6 Ensure environmental sustainability

Where we are?

Cambodian villagers look at educational poster about environment. (Photo: UNDP Cambodia)

Overview on Cambodia MDG7

Between 1990 and 2010, the country lost an average 1.1% of the total forest-cover/year. The forest-cover in 2010 was about 58% and not of pristine quality. The government has set up protected areas (23 in number, totalling 3.1 million ha, one of the highest levels in the world) and community-protected areas as a part of its environmental protection strategy. However, limited techniques available for replanting, low incentives for staff, high-dependence of many on the forest for livelihood, illegal logging, limited human and financial resources, and not fully demarked forest areas, are some constraining factors.

Figure 3: Proportion of Population Covered by Safe Drinking Water and Sanitation, Rural and Urban Areas, 2009-2011. (Source: CSES)

Proportion of population covered by safe rural drinking water has not grown between 2009 and 2011. With some effort, though, the target of 50% can be achieved. In contrast, households covered by rural sanitation have grown. The proportion of urban population with access to safe water exceeds 80%; the target is met. Sanitation target for urban areas too has been exceeded (Figure 3).

Firewood and/or charcoal (a bi-product)—the traditional sources of cooking—are now deemed an ecological threat. Yet, over 85% Cambodians still use wood-fired/charcoal stoves. While the proportion has been gradually reducing, the target of 52%, set for 2015, is appears distant.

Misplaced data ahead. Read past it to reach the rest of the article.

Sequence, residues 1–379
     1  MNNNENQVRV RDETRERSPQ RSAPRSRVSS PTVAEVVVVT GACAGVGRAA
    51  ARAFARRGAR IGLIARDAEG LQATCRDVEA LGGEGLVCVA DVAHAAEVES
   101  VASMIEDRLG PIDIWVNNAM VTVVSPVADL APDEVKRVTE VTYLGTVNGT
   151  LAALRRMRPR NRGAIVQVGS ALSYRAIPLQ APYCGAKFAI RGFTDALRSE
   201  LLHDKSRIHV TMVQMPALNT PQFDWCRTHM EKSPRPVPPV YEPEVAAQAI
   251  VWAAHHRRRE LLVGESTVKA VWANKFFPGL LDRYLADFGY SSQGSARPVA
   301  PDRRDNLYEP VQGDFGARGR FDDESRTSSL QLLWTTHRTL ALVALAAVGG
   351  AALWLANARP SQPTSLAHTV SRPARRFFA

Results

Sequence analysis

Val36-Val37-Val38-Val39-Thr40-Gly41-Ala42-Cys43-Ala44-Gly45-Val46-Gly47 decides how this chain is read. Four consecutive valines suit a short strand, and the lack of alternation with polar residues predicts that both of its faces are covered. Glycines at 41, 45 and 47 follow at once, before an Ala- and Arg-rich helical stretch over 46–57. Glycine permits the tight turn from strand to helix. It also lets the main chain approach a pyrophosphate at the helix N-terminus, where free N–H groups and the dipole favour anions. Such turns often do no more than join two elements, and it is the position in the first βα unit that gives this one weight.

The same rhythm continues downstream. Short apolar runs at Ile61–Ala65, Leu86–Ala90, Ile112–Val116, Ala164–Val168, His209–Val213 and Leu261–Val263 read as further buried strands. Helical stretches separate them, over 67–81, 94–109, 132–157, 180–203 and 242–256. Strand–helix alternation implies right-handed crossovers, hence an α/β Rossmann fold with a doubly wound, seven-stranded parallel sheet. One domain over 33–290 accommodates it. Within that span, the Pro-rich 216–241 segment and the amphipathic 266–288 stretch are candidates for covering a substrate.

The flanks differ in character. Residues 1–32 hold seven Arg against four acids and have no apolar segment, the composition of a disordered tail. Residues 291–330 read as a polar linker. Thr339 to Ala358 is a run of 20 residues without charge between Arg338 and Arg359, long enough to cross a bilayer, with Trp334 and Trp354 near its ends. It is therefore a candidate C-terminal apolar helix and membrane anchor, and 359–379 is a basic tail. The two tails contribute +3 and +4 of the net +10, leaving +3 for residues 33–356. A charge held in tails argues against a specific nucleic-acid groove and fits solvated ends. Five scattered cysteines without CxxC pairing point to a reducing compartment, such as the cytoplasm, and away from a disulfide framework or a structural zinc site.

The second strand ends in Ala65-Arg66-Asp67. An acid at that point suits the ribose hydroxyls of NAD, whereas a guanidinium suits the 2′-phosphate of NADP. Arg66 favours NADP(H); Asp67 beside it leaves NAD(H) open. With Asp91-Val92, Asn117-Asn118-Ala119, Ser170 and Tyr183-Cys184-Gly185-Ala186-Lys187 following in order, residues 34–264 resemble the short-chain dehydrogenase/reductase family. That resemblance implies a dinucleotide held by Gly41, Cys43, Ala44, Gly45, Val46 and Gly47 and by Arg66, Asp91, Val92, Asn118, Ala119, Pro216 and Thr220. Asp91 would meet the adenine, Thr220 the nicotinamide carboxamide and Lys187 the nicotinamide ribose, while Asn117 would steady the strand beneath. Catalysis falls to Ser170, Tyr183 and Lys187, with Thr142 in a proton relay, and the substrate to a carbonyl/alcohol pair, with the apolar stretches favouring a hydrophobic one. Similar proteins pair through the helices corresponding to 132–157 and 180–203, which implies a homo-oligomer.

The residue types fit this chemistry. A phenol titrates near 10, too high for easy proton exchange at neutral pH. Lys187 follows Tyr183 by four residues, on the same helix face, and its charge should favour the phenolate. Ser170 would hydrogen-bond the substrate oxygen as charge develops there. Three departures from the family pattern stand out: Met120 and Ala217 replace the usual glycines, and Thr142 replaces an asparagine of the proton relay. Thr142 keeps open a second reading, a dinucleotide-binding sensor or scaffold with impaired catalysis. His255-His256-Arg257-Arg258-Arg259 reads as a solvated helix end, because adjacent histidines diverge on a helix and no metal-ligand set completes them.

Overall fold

Statement on Cambodia MDG7

CMDG 7 poses many challenges which are difficult to meet in the timeframe.

UNDP's work in Cambodia

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Targets for Cambodia MDG7
  • Extend forest area increases to 60% of the total land and there is reversal in the loss of environmental resources
  • Halve, by 2015, the proportion of people who do not have access to safe water and sanitation
  • Reduce use of wood fuel for cooking to 52% of the population.
Targets for MDG7
  1. Integrate the principles of sustainable development into country policies and programmes; reverse loss of environmental resources
  2. Reduce biodiversity loss, achieving, by 2010, a significant reduction in the rate of loss
    • Proportion of land area covered by forest and proportion of species threatened with extinction
    • CO2 emissions, total, per capita and per $1 GDP (PPP)
    • Consumption of ozone-depleting substances
    • Proportion of fish stocks within safe biological limits
    • Proportion of total water resources used
    • Proportion of terrestrial and marine areas protected
  3. Reduce by half the proportion of people without sustainable access to safe drinking water and basic sanitation
    • Proportion of population using an improved drinking water source
    • Proportion of population using an improved sanitation facility
  4. Achieve significant improvement in lives of at least 100 million slum dwellers, by 2020
    • Proportion of urban population living in slums